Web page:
“Write! Just put your pencil to the paper, and start writing! Write the spelling list, if you want! Writing anything ultimately leads to writing something! “ As a teacher of writing, I must have said that to my students thousands of times. Eventually, students lost the fear of the white paper, and started putting words together, and moved on to thinking of themselves as writers. No, not just writers: They were authors!
It all started with a book. At the beginning of the school year, I chose some awesome books, with wonderful illustrations, excellent language, and magnetic appeal. With younger students, I pulled out The Great Kapok Tree by Lynne Cherry. Or I unpacked The Mitten by Jan Brett. Then there was always Jumanji or The Polar Express by Chris Van Allsburg. Amazing books with amazing illustrations and amazing springboard language, all them enticed those future writers/authors.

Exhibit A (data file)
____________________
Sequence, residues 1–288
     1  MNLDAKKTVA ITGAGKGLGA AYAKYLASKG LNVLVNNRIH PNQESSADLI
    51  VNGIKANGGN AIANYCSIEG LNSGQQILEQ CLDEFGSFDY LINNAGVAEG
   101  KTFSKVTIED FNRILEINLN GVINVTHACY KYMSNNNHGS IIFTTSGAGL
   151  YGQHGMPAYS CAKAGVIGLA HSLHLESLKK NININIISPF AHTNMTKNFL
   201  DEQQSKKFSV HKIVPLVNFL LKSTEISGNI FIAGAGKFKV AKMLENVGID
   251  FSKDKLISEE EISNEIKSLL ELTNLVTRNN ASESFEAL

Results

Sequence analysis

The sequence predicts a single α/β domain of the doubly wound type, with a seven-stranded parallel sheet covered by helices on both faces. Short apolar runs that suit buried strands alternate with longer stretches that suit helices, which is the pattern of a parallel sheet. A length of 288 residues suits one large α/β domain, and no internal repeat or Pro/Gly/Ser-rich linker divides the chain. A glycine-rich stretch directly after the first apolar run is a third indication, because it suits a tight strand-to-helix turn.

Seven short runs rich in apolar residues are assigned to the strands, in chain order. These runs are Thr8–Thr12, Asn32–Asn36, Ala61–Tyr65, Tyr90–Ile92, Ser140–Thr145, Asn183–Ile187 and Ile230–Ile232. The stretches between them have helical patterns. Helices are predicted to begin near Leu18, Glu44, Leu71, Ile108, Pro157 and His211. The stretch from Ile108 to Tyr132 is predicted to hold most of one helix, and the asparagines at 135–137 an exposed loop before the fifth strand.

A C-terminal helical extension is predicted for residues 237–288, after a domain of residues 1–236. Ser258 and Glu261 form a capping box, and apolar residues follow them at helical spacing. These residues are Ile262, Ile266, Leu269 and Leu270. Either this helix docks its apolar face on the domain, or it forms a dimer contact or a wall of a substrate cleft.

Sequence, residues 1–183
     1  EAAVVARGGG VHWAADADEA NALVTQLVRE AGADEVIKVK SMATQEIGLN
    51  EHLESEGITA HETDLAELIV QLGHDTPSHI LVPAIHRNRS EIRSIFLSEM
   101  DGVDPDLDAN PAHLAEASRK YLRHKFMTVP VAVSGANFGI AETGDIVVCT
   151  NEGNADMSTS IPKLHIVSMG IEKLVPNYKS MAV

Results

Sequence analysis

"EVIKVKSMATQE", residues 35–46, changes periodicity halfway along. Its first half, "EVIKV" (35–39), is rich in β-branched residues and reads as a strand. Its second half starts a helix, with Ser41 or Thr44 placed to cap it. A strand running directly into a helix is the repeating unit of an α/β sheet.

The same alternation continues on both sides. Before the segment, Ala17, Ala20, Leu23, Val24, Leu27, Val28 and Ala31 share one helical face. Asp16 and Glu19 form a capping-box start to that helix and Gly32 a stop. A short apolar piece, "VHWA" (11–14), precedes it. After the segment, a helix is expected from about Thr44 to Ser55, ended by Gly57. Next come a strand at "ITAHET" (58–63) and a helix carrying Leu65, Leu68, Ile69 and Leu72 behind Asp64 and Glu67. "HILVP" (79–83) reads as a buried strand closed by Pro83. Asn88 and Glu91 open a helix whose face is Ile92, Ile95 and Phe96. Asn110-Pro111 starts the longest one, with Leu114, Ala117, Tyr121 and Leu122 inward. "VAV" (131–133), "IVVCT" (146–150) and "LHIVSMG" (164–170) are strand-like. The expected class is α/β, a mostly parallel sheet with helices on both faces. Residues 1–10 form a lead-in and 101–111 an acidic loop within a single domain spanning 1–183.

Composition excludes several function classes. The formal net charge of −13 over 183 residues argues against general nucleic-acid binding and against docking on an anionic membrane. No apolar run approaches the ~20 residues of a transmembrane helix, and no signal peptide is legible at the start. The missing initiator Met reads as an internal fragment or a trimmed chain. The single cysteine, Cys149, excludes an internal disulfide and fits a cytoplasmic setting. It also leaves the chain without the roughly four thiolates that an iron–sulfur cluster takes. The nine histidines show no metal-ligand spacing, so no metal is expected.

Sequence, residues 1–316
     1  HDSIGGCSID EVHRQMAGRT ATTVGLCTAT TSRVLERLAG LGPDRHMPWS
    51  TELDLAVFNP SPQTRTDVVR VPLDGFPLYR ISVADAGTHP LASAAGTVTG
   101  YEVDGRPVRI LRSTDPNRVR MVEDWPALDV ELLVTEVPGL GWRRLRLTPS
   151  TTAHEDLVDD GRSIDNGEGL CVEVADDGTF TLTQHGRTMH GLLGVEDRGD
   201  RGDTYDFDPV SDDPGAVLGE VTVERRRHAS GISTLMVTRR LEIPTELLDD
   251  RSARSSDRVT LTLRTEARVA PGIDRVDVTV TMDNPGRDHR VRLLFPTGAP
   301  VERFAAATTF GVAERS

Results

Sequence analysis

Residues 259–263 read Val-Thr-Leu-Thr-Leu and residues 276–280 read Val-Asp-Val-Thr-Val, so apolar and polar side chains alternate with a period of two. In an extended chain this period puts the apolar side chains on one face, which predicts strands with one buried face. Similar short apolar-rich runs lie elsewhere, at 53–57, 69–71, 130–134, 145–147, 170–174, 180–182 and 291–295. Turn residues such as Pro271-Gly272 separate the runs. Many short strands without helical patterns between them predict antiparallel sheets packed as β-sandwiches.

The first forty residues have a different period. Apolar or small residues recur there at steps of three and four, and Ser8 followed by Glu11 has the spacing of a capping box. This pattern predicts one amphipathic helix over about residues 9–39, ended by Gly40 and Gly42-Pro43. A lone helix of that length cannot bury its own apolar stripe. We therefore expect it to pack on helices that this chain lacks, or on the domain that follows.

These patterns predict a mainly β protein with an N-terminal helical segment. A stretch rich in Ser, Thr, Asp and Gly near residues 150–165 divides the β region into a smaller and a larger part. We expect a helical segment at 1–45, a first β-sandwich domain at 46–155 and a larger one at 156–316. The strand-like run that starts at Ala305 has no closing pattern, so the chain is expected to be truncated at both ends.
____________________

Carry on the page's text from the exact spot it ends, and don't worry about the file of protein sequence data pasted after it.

Older students discovered the writings of Lois Lowry: The Giver, Number the Stars. Some loved Jeanne DePrau: The City of Ember series. How about Red Badge of Courage? The Screwtape Letters? To Kill a Mockingbird? Who can’t read those, and find the head swimming in images, powered by words.
It all started with many books. Students kept a Reading Response Journal, in which they wrote summaries, new vocabulary, their feelings about what was read. The great thing was they didn’t have to grab words out of the word-storing part of the brain; they could use the words from the book. In fact, they were supposed to copy those words when writing about the book. Write a poem? They wrote “found poems”. They went through the book, and copied down lines with strong imagery; they used the simple predicates; they wrote down the subject of the sentence with its modifying adjectives. Line by line, their poems shouted out the power of writing. I love teaching. I loved teaching writing. I love writing most of all.